Virgin flew plane with 'structural damage'

Last updated 09:09 13/06/2014
Virgin Plane
Paul Kane

VIRGIN KING: Sir Richard Branson with a Virgin turboprop aircraft used on regional routes.

Virgin plane damage
STRUCTURAL DAMAGE: Photos detailing the damage to a Virgin Regional ATR-72 aircraft.

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Virgin Australia Regional Airlines operated one of its turboprops on 13 sectors after an incident that the airline later suspected might have caused "significant structural damage" to the tailplane, says an initial report from the Australian Transport Safety Bureau.

The 68-seat ATR-72 aircraft, registered as VH-FVR, has been grounded in Albury, New South Wales, for more than three months awaiting replacement of the horizontal stabiliser, elevator and vertical stabiliser, which provide stability and control to the aircraft.

The grounding came five days after an initial incident on February 20, in which pilots reported moderate turbulence as they approached landing on a flight from Canberra to Sydney.

The ATSB said the pilots advised the engineers that the pitch controls had disconnected, with a possible overspeed.

From the onboard equipment, the engineers were able to establish there had not been an overspeed, but that a vertical load factor of 3.34 gravity force was recorded that exceeded the acceptable limit for the aircraft weight.

A flight attendant broke her leg during the incident, and the ATSB report said an engineer had inspected the upper surface of the wing, the rear fuselage and the tail by torchlight that evening for signs of damage, but had not identified any defects and the plane was returned to service the next morning.

The aircraft was then operated for a further 13 sectors over the following days, including a final passenger flight from Sydney to Albury on February 25.

The ATSB said on descent to Albury, the aircraft passed close to birds, which alerted the captain to a possibility of a birdstrike.

"There were no indications that a bird had struck the aircraft, but on the ground, the aircraft's pitch trim fluctuated abnormally," the report said.

The captain alerted the maintenance team to a deformity in the vertical stabiliser which may have been a result of a birdstrike and an engineer was dispatched to inspect the aircraft.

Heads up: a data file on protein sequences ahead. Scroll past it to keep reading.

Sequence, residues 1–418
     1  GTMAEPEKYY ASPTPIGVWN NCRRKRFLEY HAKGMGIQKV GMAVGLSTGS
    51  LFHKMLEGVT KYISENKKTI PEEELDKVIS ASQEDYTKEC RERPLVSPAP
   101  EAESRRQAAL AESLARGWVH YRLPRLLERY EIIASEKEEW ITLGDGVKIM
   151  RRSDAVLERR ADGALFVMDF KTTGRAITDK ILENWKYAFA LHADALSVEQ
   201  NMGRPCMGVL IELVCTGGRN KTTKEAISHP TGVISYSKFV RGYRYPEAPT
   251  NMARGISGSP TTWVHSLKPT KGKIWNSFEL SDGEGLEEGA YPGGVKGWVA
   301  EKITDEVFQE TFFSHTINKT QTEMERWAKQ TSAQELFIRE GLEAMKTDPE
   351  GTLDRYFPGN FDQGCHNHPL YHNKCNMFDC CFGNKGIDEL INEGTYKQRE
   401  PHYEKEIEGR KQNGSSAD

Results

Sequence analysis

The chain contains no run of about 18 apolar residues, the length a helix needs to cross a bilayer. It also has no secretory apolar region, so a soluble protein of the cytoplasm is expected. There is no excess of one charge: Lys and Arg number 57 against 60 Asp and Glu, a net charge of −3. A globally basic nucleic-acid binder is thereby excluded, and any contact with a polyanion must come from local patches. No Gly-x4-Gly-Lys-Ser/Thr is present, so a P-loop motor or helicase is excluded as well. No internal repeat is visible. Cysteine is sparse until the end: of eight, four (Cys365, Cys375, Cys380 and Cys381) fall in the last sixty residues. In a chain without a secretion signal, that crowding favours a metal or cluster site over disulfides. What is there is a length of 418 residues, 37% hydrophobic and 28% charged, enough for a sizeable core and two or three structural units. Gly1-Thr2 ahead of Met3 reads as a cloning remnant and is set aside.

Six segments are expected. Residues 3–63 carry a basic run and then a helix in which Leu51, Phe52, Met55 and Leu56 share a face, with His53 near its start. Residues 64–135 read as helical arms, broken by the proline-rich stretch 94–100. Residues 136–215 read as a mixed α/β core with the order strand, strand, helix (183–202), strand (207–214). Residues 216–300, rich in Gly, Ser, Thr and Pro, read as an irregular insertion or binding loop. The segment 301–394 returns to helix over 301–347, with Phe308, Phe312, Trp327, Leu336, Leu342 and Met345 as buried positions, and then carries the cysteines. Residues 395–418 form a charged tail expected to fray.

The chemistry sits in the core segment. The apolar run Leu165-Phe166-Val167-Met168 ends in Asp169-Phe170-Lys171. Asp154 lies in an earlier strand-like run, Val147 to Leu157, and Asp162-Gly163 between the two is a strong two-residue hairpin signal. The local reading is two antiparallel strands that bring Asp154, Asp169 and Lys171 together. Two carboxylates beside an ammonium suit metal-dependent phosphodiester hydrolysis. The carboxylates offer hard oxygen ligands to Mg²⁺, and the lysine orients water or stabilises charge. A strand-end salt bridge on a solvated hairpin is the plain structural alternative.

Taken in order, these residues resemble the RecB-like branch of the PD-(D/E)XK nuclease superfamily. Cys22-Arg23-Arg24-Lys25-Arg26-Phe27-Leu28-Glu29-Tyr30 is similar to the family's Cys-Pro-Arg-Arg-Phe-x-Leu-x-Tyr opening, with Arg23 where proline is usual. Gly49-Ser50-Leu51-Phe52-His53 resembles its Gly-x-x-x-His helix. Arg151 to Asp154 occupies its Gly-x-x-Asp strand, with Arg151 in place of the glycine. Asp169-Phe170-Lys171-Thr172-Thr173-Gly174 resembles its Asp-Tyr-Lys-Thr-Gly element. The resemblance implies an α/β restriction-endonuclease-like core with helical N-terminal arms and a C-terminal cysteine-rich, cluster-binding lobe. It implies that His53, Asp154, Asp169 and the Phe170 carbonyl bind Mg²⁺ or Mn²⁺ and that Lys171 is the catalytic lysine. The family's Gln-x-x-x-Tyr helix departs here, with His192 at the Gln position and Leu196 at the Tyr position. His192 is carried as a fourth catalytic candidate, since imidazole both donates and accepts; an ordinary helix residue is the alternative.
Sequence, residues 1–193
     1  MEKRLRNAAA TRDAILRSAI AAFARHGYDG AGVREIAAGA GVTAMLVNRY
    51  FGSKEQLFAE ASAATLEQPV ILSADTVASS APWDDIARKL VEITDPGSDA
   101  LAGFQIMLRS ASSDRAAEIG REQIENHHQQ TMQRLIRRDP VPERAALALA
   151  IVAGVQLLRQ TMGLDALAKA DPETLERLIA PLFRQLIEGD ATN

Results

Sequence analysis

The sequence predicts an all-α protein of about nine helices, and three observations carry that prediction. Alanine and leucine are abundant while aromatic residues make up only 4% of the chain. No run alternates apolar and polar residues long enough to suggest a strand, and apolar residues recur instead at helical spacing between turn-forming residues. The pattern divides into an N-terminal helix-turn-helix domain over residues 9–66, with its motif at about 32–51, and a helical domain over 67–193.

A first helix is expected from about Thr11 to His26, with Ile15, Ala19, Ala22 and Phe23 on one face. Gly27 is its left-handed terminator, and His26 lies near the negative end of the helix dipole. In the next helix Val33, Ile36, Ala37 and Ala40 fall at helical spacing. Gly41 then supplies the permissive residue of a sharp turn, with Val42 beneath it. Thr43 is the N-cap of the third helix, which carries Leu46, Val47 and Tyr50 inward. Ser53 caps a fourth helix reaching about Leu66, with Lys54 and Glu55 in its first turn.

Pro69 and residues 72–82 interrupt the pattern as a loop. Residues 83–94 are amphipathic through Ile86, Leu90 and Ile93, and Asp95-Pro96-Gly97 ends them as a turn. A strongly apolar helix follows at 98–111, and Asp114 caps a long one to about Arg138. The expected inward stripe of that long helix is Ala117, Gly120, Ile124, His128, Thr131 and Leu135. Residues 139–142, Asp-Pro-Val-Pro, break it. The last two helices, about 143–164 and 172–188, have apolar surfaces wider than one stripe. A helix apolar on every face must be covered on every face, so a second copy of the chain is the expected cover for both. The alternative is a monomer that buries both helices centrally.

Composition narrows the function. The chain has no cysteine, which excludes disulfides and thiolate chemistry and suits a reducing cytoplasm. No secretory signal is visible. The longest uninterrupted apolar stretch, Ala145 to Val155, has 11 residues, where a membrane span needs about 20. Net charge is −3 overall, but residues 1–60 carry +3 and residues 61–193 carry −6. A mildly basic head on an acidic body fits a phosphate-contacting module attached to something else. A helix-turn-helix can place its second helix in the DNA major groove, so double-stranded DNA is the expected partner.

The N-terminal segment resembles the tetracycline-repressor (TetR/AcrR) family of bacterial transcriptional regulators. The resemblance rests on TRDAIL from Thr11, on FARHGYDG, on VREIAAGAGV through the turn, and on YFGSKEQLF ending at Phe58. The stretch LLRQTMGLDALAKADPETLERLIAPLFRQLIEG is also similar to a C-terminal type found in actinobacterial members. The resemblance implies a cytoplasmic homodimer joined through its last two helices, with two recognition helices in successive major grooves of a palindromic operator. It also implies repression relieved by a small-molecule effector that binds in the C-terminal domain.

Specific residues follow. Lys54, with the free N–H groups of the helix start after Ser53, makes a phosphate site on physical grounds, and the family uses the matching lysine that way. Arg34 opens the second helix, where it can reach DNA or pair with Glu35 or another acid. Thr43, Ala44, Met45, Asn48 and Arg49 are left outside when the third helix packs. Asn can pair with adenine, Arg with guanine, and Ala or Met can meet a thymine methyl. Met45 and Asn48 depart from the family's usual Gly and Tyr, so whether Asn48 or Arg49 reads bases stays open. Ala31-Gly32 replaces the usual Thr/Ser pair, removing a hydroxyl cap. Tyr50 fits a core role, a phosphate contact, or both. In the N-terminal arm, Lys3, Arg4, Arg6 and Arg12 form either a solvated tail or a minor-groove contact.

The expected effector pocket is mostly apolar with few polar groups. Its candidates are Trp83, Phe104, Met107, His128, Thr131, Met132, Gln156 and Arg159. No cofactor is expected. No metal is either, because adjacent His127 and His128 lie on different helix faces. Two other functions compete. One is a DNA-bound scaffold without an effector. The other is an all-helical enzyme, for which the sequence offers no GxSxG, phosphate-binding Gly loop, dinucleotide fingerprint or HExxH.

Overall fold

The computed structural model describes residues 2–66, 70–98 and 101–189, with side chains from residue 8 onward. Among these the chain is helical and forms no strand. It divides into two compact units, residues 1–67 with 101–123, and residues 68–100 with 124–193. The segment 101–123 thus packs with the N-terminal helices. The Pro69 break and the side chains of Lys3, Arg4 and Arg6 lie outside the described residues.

The ATSB said the engineer used scissor-lift equipment to inspect the tailplane and found there was "significant structural damage" on top of the tailplane. The aircraft was grounded for repairs and the ATSB was advised of the situation.

"Later information from the operator suggested that the damage to the tailplane might have been a result of the occurrence involving [the aircraft] on February 20," the ATSB said.

The ATSB interviewed the pilots and engineers and inspected the damaged aircraft at Albury. A final report on the investigation is not due until February next year.

In response to the initial ATSB report, Virgin issued a statement saying the safety of its guests, crew and aircraft was its number one priority as an airline and there were strong protocols in place to ensure the safety of its operations were maintained to the highest standard.

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"While this is an isolated issue, we are working with the ATSB, the aircraft manufacturer and our maintenance provider to identify what has occurred," Virgin said.

"As the investigation is ongoing, it would be inappropriate for us to comment in any further detail at this stage."

The airline paused growth in its ATR fleet this year, having left an aircraft delivered last September on the ground amid weak demand and talks with the Civil Aviation Safety Authority about improving its procedures after the integration of Perth-based Skywest into its regional arm.

However, Virgin regional head Merren McArthur said this month that she expected the aircraft grounded at Albury to be repaired within a month or so, and for the other grounded aircraft to join the flying fleet within a similar time.

Virgin has deferred the delivery of six more ATR aircraft and McArthur said the timetable would depend on market demand.

- FFX Aus

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